SAN DIEGO -- At first blush, Frank Reich and Muhammed Ali appear to have little in common.
Reich, a former longtime NFL quarterback, recently took over as offensive coordinator for the San Diego Chargers, replacing the departed Ken Whisenhunt, who took over as the head coach of the Tennessee Titans.
"Any time you have a new coordinator or a new position coach there's always going to be some type of change -- whether it's in the meeting room or on the practice field," San Diego head coach Mike McCoy said. "It's going to be great to sit down with him every day and go over some new ideas, because you're always trying to do what you're players do best."
Here's where the similarities to the man known as the "The Greatest" come into play: Reich compares controlling the tempo of his team's offense to the sport known as the sweet science at the height of Ali's reign as heavyweight world champion.
"I liken it to a boxing match," Reich said. "Every game is a prize fight. And over a 15-round fight, you mix the tempo. There's sometimes you go in and there's a flurry, you're aggressive and you've got somebody on the ropes. You keep your poise and go for the kill.
"Then there's other times that you slow the tempo down. Maybe you've taken a punch, so you rope-a-dope a little bit. You say, 'Geez, we've just got to get through this half, or get through this series.' It's third-and-20 and you hand the ball off. Everybody boos, but sometimes you have to do that. If you're at the end of the round and if you try and throw a knockout blow, you might get knocked out yourself -- and they might score a touchdown and separate that much more.
"So I think that's very, very important -- to be able to mix the tempo. But even when you're slowing it down, there still has to be crispness to the execution, and to the play."
Reich, 52, says to expect little change in one of the most efficient NFL offenses from 2013 with him taking over the reins. He'll continue to trust in quarterback Philip Rivers -- whom he calls one of the smartest quarterbacks in the NFL -- to lead the offense.
"My communication with Frank is awesome," Rivers said. "We communicated a lot last year, so it's really been a seamless transition from the standpoint of what we're doing, what's expected and how we're going to operate.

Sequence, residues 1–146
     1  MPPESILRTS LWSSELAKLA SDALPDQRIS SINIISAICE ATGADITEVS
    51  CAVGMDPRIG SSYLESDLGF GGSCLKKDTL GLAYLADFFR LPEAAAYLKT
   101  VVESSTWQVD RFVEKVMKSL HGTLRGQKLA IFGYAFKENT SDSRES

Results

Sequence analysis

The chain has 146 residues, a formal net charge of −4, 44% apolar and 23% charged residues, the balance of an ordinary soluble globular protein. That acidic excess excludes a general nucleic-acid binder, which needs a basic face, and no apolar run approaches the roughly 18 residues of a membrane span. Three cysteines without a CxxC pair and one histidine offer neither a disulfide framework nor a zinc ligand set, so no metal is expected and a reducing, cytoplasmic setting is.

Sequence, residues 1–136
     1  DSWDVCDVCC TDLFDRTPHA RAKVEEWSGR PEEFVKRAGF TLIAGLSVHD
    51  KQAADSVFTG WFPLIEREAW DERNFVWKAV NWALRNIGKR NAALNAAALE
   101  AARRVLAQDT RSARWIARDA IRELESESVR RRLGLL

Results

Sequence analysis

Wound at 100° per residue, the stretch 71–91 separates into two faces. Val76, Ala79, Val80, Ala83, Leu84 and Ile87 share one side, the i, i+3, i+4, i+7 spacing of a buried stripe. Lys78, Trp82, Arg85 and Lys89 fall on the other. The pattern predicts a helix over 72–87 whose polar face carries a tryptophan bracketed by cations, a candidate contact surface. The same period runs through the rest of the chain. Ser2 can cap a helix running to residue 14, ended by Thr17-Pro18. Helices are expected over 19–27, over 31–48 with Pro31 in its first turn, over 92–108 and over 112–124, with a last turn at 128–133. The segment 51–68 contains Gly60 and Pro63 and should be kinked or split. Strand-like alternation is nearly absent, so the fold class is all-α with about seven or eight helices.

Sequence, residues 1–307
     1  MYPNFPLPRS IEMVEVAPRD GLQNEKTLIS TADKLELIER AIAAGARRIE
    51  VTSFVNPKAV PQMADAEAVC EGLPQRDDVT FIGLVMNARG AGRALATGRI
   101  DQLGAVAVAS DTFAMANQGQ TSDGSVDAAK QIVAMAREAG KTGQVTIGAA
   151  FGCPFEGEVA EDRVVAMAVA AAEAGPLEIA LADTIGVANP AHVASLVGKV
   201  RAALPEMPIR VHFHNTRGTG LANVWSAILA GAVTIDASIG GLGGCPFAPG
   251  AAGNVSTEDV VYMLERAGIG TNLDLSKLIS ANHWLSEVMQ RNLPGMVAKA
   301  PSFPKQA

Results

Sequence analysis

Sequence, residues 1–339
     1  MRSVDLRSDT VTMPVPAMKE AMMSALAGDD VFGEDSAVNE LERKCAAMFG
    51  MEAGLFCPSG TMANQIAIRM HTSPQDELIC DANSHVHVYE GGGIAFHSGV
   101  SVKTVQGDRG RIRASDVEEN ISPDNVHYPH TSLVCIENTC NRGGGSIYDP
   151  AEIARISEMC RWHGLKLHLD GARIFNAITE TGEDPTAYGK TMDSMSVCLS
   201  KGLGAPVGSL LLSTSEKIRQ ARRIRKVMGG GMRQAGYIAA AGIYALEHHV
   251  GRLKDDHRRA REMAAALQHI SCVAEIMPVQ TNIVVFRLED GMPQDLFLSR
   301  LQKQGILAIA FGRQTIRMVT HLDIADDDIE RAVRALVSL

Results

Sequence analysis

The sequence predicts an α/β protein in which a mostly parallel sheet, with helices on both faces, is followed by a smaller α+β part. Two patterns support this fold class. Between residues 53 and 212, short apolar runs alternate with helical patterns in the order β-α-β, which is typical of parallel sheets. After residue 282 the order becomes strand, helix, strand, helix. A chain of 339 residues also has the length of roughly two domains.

"Frank being in a similar-style offense both as a player and as a coach really just makes for a smooth process -- easy to make adjustments and change things on the run as we see them. He really thinks and calls plays like a quarterback. And I know I'm real comfortable with that."
The Chargers finished tops in in the NFL last season in third-down conversions (49 percent), No. 5 total yards (393.3 per game), No. 10 in giveaways (21) and No. 12 in scoring (24.8 points per game).
Reich says he's won't try and reinvent the wheel for the upcoming season. The Chargers' focus will be accentuating the playmakers on the field, figuring out innovative ways to take advantage of the offense's core strengths.
"I'm not trying to make it my offense," Reich said. "I look at it as this is our offense. And what Mike really stresses as a head coach, and him being a very successful, longtime offensive coach, is figuring out what your players do best, and that's our offense.
"We've got an exceptional quarterback who can handle a lot. So because everything kind of filters through him, it gives us the opportunity to really be a well-balanced offense. We'll throw it when we want to throw it, but run it when we want to run it."
Reich said he'll remain part of the quarterback room, even with Nick Sirianni taking over as the team's quarterbacks coach. And the mechanics of game days will be similar. Calling plays for Reich should not be an issue. He called plays while leading the K-Gun (a hurry-up offense) for Buffalo back in his playing days.
One player the Chargers did not have for most of last season is Malcom Floyd. Considered a long shot to return to the field three months ago after suffering a serious neck injury early in the 2013 season, the 32-year-old receiver has been cleared for full contact, and looks like he will give San Diego's offense an added boost based on his play during the team's first few offseason practices.
"It's huge," Reich said. "Not only is he a great player, but Philip has a ton of confidence in Malcom. They've got a lot of miles together out on that football field. So I can see it when he throws to him. They know each other. They know what they're doing, so that part is fun."